James Cranstoun 8th Baron Cranstoun
1755-96. He was baptised at Crailing, Roxburghshire on 26 June 1755, the third son of James, 6th Lord Cranstoun, and of his wife Sophia Brown. His family owned two plantations and many slaves on the island of St. Kitts.
Cranstoun’s early elevations in life were rapid, becoming a lieutenant on 19 October 1776, and succeeding his elder brother William in the family peerage on 1 August 1778.
Having temporarily succeeded Captain James Brine at the end of the previous year, he commanded the Belliqueux 64 at the Battle of St. Kitts on 25/26 January 1782 where his ship suffered casualties of five men killed and seven wounded, and on the 31st of that month he was posted captain and exchanged with Captain Andrew Sutherland into the St. Eustatius 20. He fought aboard the Formidable 98, Admiral Sir George Rodney’s flagship, at the Battle of the Saintes on 12 April, having joined her four days earlier with the apparent intention of replacing her flag-captain, John Symons. As a further sign of Rodney’s favouritism towards him he received the surrender of the French commander-in-chief, Admiral Francois Joseph Paul de Grasse-Tilli, and as well as being mentioned in despatches by his patron he was given the honour of taking them back to England aboard the Andromache 28, Captain George Anson Byron.
During September 1782 Cranstoun was appointed to commission the new Grampus 50 at Plymouth, which he paid off in the following March.
After a long period of unemployment throughout the years of peace he recommissioned the Assistance 50 during July 1790 in the course of the Spanish Armament, this vessel being paid off in September 1791.
In February 1793 Cranstoun recommissioned the twenty-five year old Raisonnable 64, serving successively off France, Spain, the Canary Islands, West Indies and Ireland. Returning to Falmouth on 24 December after a six month voyage, he declared a sick-list of some one hundred and eighty men, all apparently suffering from typhus. He remained with this vessel into the following year.
His next appointment was to the Bellerophon 74 on 1 December 1794 to which ship he removed some thirty-odd followers, although the discipline aboard deteriorated under his command, and especially during three months spent anchored in the Solent in the spring of 1795 when a group of marines proved especially troublesome. Even so, he wasted little time in blaming her long-time captain and admiral, Sir Thomas Pasley, for having allowed a lax discipline prior to his taking command. On 17 June 1795 he commanded the laggardly Bellerophon with great skill during the celebrated Cornwallis Retreat off Brittany. The marines, who had written a letter of complaint at their treatment aboard the Bellerophon were then brought before a court martial at the end of September, but in view of their previous bravery in action were allowed to walk free. Thereafter the disciplinary problems did not re-occur, and the Bellerophon rejoined the Channel fleet following a much needed refit in the autumn.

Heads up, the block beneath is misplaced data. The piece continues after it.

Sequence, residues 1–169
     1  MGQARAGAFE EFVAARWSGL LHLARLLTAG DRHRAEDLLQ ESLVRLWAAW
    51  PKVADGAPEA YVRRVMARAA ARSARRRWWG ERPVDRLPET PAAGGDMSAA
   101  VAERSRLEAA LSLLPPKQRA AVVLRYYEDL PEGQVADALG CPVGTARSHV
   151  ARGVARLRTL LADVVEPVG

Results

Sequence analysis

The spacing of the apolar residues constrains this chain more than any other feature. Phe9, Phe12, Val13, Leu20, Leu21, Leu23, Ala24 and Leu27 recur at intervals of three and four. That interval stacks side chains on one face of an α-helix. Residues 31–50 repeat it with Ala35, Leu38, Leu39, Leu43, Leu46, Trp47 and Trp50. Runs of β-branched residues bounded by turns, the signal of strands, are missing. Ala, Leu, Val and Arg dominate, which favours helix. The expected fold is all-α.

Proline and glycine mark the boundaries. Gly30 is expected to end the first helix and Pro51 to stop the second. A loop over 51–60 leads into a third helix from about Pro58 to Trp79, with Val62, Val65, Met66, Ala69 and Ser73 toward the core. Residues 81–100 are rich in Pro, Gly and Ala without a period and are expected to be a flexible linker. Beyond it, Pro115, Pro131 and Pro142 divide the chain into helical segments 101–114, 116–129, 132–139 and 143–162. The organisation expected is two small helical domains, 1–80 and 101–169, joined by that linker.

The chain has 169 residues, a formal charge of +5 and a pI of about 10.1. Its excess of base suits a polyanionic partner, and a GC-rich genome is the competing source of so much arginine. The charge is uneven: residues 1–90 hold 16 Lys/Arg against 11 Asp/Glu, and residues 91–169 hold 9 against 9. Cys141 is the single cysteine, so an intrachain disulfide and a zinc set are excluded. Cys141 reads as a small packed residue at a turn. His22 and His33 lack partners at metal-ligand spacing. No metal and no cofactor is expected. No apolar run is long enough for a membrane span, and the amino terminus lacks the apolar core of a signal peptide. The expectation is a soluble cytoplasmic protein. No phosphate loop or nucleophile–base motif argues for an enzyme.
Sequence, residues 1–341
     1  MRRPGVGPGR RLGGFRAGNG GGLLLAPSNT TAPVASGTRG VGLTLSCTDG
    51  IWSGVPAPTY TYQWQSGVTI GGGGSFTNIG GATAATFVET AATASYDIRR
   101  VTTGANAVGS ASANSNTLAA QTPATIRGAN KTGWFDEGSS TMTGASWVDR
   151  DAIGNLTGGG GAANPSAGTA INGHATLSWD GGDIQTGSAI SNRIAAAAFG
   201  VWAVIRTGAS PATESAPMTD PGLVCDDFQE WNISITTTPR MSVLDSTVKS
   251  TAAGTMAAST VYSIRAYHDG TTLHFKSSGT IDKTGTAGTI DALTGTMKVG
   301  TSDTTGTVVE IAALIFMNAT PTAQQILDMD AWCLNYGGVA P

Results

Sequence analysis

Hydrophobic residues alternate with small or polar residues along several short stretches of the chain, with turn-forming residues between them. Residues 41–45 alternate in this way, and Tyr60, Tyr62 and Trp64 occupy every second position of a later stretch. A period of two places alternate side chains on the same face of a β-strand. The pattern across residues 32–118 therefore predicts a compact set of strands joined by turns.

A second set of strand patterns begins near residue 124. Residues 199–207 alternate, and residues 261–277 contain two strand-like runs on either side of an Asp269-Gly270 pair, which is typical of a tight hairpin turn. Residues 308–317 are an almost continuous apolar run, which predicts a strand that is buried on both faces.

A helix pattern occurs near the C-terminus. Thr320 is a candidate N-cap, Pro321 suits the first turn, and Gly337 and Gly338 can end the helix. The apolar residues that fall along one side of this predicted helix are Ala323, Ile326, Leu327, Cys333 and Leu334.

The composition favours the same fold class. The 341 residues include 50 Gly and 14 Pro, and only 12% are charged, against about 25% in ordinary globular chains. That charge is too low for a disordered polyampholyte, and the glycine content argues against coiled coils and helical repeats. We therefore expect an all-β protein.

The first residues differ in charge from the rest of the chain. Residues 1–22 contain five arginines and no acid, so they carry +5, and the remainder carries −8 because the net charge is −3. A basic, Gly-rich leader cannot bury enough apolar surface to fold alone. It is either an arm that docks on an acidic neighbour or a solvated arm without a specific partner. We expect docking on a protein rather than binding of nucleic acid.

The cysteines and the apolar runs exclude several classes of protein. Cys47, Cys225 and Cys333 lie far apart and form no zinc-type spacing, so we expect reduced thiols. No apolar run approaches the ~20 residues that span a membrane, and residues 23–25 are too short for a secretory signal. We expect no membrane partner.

In 1796 Cranstoun was appointed the governor and vice-admiral of Grenada, with Captain John Loring assuming the acting command of the Bellerophon in mid-April. Before he could take up his post Cranstoun died on 22 September at Bishops Waltham in Hampshire, apparently by drinking cider that had been kept in a lead-lined vessel. He was buried with honours at the Royal Garrison Church in Portsmouth.
On 19 August 1792 he married Elizabeth, the daughter of Lieutenant-Colonel Lewis Charles Montolieu. She died at Bath on 27 August 1797, aged 27, her health broken by her bereavement the year before. The couple had no issue and Cranstoun’s title passed to a young nephew.